3 Expensive Mistakes Holiday Shoppers Are Making
Sure, it’s the most wonderful time of the year, but it can also be one of the more stressful times of year. Between figuring out what to buy for everyone, shopping, wrapping gifts, and scheduling visits with friends and family, we have a lot going on during the holidays. Plus, these tasks are all in addition to our daily responsibilities, like working, caring for our homes and families, and running regular errands.
It may be because they’re just trying to get it over with, or perhaps it’s because they’re misinformed, but a lot of people make expensive mistakes while holiday shopping. And later on, they regret these decisions. We’ve created a list of some of these shopping errors. Are you guilty of any of these?
Focusing too much on deals and discounts
Would you buy a name-brand blender because it was 90% off, even though you already have a blender and no one on your shopping list for asked for a blender (or anything similar for that matter)?
Our brains are conditioned to see an item with a high percent off discount as a value. Data published in Entrepreneur found that 68% of us would drive out of our way to save $5 off of a $15 item, but only 29% would drive out of our way to save $5 off of a $125 item. This is in spite of the fact that we would be saving $5, regardless to which item we chose to buy. But, because a larger percentage discount feels like a better deal, many of us will jump for what we perceive is a larger savings.
Holiday shopping based wholly on what’s on sale is a mistake so many consumers make. If you don’t look beyond the discounts, you may end up purchasing an item of lower quality, an item that’s not truly a good value, or something your recipient doesn’t really want.
Opening a ton of store credit cards
Every time you walk up to a retail checkout counter (especially during the holiday season), you hear some version of the question: “Would you like to open a store credit card today and save 25% on your purchase?”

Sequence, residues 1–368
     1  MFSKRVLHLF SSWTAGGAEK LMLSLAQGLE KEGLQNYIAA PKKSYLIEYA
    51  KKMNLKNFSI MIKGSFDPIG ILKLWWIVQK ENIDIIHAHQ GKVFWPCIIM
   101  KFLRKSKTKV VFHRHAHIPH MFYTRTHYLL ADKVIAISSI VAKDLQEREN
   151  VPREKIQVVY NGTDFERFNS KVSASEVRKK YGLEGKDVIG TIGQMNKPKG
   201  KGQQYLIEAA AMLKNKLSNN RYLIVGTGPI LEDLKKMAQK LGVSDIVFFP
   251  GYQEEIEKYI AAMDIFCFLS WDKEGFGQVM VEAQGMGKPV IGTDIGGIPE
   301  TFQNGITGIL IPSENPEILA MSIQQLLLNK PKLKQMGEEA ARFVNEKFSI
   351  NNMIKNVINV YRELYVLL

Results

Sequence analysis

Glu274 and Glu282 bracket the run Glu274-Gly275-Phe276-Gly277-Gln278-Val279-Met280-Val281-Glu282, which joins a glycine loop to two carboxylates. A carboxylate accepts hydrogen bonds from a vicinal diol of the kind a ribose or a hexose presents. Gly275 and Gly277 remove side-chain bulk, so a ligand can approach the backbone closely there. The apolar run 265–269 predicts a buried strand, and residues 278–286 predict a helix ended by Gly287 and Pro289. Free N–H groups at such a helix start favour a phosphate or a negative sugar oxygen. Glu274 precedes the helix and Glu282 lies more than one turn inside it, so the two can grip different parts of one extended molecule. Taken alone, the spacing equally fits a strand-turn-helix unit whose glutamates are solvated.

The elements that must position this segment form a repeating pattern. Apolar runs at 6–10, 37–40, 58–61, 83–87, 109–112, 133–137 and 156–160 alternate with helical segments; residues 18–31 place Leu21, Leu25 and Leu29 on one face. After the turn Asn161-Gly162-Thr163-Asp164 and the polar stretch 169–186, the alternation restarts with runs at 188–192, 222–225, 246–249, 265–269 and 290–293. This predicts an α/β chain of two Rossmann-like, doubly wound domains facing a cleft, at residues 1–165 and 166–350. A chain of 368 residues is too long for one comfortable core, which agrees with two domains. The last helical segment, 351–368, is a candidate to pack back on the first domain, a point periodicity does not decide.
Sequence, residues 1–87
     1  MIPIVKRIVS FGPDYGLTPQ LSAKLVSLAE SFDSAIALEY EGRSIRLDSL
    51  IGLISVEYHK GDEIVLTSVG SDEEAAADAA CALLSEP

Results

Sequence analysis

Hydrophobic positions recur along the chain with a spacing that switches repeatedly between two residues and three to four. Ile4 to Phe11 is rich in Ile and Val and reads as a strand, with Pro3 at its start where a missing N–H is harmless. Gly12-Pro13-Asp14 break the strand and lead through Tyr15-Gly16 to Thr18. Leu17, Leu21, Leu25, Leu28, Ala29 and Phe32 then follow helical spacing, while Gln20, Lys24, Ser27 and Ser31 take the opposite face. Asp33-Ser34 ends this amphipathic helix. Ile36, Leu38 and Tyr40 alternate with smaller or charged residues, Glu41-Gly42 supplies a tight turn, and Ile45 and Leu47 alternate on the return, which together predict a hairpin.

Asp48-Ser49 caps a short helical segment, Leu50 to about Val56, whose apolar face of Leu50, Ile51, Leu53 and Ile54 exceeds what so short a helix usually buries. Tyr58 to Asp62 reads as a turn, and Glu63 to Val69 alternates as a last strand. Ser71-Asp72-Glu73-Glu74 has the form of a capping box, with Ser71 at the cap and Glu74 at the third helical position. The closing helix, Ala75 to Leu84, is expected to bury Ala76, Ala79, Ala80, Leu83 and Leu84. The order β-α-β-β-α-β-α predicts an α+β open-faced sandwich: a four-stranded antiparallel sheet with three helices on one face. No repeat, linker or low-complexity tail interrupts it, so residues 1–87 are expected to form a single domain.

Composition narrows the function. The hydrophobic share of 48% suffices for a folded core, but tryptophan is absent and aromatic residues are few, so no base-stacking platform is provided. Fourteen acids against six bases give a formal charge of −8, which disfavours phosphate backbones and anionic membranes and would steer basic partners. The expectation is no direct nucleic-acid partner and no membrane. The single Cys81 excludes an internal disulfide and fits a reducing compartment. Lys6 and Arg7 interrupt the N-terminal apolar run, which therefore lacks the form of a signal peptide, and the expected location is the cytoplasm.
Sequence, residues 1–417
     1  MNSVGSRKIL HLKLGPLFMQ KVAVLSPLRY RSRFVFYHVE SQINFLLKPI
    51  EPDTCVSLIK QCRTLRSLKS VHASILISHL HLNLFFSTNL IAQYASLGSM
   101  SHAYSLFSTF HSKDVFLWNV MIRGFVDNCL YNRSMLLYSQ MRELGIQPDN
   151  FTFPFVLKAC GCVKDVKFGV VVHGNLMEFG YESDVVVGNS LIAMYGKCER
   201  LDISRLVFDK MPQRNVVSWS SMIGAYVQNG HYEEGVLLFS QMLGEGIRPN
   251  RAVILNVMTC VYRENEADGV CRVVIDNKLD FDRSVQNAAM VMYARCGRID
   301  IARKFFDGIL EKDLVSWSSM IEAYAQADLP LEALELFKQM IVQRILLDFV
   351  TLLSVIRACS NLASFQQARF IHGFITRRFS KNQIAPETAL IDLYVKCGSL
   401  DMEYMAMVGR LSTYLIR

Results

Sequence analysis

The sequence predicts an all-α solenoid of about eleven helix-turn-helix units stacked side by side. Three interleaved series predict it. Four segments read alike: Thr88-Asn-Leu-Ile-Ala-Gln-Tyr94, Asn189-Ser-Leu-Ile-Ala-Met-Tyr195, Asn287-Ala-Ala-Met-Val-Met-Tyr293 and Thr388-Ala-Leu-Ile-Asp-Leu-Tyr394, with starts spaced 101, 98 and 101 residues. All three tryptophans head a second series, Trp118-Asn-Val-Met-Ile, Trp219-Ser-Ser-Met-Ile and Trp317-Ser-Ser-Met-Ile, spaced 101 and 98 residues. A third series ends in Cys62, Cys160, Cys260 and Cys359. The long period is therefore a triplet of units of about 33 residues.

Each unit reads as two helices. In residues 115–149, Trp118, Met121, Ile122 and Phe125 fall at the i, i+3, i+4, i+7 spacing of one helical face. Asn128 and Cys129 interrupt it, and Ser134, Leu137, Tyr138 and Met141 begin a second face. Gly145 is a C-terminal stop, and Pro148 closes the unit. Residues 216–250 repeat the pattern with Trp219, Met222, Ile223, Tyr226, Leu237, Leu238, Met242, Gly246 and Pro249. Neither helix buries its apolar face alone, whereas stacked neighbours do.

And, as you glance over your items and add up the total in your head, you may start imagining the savings you could receive if you decide to open the card. “I’ll never use it anyway,” you think to yourself as you reluctantly answer, “OK, why not?” to the store clerk’s question.
Although there are some benefits to these cards, store credit cards have notoriously high interest rates attached to them. You often have a low limit too, and when they sit in your wallet, they may entice you into spending more money. During the holidays, credit card balances already typically rise by around 25%, so the holidays are not exactly the best time to take on a new card.
Perhaps in these cases, it’s best to hold off for a while, and if you’re still interested in a certain store credit card after you’ve had time to think about it, you can always apply later.
Having a complete lack of organization
Before you begin holiday shopping, do you make a list and check it twice? Or are you more of a “wing it” type?
Those who create a list of who they’re buying for and indicate a maximum amount of money they want to spend on each person (and in total) may have a much easier time staying on track — both financially and practically — than those who just buy now, organize later. And with average consumer spending on gifts alone being around $780, typical middle earners spend around 20% of their monthly income on gifts.
A Kiplinger publication reminds us of all of our other random holiday expenses, like “restaurant meals you’ll eat while out shopping, ingredients for holiday goodies that you’ll make for friends and family, postage for holiday cards, [and] cab rides home for late-night parties,” for instance. These types of expenses should be included in your holiday budget as well.